This places the F complex in the category of a thyroid synergist and undoubtedly brings up the possibility that without the F the thyroid is unable to function normally.

Similarly, tyrosinase deficiency (due to lack of natural vitamin C complex) can impair the adrenal function, the adrenals being essential partners of the thyroid. The C complex is an effective remedy for thyrotoxicosis, restoring the endocrine balance through its support of adrenal function. It is through this same effect that the C complex has earned its reputation for promoting stamina and helping the victim of asthenia. If you want to test this effect, try the C complex the next time you are tired. In twenty minutes two or three tablets may restore your zest for action where you have used up your resources. (Chew them up—remember Fletcher? We are talking about food not drugs.)

No doubt the pharmacologist will call our dosage of vitamin F a “homeopathic” quantity. The homeopaths do get results with their microscopic dosages. Read Dr. Shadman’s book Who Is Your Doctor and Why for an accurate survey of homeopathy. No doctor can study the results obtainable from homeopathy without finding remedies he will use to the end of his days. And the homeopath understands the effects of food factors better than anyone else. He was the first to discover the essential minerals and the effects of their deficiency.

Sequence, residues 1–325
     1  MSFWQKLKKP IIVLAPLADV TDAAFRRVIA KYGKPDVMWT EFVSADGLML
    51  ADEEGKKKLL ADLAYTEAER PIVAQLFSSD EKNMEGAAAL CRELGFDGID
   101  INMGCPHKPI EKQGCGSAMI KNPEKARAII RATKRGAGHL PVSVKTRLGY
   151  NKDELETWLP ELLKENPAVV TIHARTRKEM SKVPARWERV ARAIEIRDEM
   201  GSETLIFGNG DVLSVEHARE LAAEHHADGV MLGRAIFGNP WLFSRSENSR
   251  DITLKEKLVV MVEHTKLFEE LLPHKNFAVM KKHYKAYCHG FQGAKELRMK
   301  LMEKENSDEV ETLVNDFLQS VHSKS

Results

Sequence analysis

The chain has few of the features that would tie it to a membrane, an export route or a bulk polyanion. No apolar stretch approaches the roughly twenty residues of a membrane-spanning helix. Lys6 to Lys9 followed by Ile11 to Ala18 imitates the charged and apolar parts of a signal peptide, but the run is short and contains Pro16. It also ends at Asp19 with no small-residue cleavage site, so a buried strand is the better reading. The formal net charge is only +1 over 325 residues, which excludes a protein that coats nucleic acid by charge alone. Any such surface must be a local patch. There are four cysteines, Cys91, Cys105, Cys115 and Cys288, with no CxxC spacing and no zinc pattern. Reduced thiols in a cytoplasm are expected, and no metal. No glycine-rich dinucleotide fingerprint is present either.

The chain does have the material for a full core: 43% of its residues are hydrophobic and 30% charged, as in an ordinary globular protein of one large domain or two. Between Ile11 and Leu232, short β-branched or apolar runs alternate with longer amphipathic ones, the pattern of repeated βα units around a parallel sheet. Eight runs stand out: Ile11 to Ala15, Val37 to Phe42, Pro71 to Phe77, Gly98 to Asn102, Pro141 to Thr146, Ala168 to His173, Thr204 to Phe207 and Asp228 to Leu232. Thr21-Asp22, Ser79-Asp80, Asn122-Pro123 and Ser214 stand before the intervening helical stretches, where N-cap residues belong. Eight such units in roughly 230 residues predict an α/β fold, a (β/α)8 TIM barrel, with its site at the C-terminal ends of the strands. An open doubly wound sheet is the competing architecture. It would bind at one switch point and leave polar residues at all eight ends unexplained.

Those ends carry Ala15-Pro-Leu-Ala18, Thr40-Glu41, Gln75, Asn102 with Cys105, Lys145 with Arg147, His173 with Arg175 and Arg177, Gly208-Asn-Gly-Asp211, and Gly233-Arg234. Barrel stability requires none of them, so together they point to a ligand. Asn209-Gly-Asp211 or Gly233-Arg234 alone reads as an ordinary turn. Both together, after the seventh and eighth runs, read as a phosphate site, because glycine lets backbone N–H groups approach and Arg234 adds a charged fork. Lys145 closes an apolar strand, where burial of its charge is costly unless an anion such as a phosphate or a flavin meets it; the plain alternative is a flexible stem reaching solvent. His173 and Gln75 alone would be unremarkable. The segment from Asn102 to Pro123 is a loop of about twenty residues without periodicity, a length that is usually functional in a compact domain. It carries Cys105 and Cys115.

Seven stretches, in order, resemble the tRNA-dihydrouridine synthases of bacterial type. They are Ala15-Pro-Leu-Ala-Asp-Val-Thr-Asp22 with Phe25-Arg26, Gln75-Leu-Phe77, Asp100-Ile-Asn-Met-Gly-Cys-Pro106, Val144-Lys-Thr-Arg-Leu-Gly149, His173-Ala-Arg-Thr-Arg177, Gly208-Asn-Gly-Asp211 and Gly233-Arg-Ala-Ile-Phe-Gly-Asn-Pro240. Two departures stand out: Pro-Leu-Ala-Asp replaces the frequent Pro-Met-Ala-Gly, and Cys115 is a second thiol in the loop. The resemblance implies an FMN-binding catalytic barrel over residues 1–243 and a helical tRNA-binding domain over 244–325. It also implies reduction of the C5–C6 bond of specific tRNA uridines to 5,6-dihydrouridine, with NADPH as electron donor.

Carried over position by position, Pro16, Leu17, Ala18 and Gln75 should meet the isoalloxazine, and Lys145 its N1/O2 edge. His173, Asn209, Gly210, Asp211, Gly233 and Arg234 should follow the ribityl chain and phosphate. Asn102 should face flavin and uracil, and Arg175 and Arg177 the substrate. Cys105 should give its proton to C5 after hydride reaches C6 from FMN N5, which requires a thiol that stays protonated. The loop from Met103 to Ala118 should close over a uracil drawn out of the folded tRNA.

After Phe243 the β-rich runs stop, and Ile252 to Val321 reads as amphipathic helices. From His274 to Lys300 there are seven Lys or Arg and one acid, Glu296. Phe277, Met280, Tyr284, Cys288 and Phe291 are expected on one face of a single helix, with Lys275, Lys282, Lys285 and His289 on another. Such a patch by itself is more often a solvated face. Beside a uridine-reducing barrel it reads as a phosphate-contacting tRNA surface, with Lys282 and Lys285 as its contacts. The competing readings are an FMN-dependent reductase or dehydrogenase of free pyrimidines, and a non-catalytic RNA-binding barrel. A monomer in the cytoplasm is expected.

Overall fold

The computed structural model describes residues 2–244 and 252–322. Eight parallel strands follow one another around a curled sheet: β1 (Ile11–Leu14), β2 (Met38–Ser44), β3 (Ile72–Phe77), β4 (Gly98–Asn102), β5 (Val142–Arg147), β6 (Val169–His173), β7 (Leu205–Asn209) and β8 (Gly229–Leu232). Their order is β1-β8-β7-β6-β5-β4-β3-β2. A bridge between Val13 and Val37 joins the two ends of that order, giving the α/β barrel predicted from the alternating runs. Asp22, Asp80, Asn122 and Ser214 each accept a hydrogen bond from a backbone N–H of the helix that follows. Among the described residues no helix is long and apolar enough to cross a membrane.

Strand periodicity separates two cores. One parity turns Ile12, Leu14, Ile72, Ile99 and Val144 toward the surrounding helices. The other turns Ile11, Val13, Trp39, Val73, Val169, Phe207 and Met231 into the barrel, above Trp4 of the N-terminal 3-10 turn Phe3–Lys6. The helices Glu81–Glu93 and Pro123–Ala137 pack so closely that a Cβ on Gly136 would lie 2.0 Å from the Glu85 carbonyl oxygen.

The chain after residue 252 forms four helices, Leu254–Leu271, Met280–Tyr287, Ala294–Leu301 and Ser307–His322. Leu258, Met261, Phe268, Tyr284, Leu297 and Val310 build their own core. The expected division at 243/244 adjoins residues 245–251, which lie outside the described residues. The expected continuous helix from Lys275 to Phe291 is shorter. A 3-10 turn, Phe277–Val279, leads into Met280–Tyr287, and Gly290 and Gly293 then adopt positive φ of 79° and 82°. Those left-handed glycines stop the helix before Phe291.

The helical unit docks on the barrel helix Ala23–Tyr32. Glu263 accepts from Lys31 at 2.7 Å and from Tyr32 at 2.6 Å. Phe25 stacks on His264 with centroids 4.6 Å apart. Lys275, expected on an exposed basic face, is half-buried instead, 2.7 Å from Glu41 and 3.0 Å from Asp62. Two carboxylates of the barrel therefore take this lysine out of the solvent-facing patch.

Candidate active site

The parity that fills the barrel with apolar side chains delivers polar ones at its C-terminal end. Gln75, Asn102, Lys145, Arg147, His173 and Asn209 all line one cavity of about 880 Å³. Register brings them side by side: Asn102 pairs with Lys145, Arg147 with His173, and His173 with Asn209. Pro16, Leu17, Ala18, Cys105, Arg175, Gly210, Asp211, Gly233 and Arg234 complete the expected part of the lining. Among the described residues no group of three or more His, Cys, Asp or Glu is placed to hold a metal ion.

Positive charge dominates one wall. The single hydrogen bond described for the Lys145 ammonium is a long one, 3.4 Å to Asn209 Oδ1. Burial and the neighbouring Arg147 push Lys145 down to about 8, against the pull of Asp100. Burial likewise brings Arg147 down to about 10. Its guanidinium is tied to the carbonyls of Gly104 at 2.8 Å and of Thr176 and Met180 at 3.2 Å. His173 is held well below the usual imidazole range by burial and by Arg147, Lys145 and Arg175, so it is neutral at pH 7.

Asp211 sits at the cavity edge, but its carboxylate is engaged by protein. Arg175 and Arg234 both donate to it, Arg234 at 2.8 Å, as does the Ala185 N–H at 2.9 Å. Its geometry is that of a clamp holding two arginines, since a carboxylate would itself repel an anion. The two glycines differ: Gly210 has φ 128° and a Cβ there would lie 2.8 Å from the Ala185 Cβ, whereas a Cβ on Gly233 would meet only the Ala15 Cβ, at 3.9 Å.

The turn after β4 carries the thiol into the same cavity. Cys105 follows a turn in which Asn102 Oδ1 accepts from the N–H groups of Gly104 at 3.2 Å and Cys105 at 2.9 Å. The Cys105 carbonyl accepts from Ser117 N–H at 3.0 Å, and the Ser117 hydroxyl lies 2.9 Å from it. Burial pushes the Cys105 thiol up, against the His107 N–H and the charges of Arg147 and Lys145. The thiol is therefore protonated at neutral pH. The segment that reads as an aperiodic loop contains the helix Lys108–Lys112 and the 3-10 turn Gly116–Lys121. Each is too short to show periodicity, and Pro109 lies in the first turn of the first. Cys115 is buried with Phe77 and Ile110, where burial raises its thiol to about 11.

A Note on “Unfitting the Unborn”

“There is hardly a mental disease which is not influenced unfavorably by alcoholic habits. They lend a tremendous impetus to the retrogressive changes in senility, and, as has been said, the acquisition of alcoholism by defectives often results in acute mental symptoms when none need to have occurred. Statistics collected independently by several investigators show that the parents of nearly 50 percent of defective children were alcoholics. It is held by many psychiatrists that no other single cause of imbecility and idiocy except mental defectiveness in the parent can compare with alcoholism in the parents…” (Milton J. Rosenau in Preventive Medicine and Hygiene, Appletons, p. 302).

And do not forget that there is no congenital physical defect found in babies that cannot be created in test animals by deliberately controlled malnutrition.

For more on this subject, ask for my future “Unfitting the Unborn” and Lee Foundation Reprints Nos. 51, 57, 66A, and 66C—free on request.


Smallpox and How It Is Transmitted